Support for the troops runs high in the lumber and building material industry. That’s because there’s a relatively high percentage of builders and lumberyard workers with military backgrounds -- at least from an anecdotal standpoint.
Another reason is people like Ed Quinn Jr.
Quinn is chairman of the board of Gaithersburg, Md.-based TW Perry. One of the founders of the Yellow Ribbon Fund, Quinn recently took over the chairmanship of the non-profit organization that seeks to make life better for wounded veterans and their caregivers.
How does it make life better? Any way it possibly can, said Quinn.
“We originally started just by asking the kids what they need,” he said. “And they needed rides and rental cars that their caregivers could get around in, lodging for people who would come to visit them. We stepped into the gap and provided everything we could to make everything a little better.”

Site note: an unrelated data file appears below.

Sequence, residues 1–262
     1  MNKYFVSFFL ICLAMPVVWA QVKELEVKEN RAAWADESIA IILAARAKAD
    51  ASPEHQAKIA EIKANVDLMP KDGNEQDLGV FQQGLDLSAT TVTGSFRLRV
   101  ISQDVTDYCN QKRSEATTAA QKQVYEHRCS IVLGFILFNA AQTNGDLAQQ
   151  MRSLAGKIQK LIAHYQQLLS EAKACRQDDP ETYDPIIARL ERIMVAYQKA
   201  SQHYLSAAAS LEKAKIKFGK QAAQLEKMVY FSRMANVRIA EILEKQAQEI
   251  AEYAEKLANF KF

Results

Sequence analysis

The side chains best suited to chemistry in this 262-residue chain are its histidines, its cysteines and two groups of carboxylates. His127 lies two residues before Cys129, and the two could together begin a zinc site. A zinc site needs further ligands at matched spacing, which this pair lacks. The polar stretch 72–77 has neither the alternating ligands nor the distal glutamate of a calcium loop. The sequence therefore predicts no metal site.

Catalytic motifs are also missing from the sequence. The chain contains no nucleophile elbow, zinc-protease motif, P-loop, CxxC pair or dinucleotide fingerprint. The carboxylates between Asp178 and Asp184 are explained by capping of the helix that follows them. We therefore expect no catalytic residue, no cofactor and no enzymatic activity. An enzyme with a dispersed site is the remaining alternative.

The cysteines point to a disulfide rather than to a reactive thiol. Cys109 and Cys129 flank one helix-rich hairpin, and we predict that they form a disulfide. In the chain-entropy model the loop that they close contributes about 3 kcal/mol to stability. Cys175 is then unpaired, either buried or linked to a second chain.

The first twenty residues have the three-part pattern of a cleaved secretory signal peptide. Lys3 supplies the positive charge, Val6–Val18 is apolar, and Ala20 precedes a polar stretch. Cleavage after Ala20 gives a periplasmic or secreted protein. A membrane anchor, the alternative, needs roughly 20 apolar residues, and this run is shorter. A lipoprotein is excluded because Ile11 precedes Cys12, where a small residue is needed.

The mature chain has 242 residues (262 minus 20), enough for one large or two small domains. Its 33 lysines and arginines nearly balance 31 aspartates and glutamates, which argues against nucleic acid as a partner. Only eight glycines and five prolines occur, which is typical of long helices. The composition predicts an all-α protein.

Those early days date back to 2005, when Quinn and a group of Maryland businessmen got together to fund a dinner for patients of the National Naval Medical Center. “We were just local business guys who gave a damn, who cared about these kids,” Quinn said.
The idea became a movement, and the movement became a full-blown charity, a 501(c) (3) organization with a nine-person staff dedicated to helping those who sacrificed for their country.
One of the staff members is Jessica Allen, herself a caregiver and wife of a wounded veteran. As director of the Yellow Ribbon Fund’s Family Caregiver Program, Allen looks for ways to help the families, and part of that involves navigating military paperwork, and working with other charities to match the needs of the veterans with the ability of the charity to provide help.
“What I do is take some of the suck out of this,” said Allen. “I joke around, but it’s the truth. We find the families in need and honestly and truthfully help the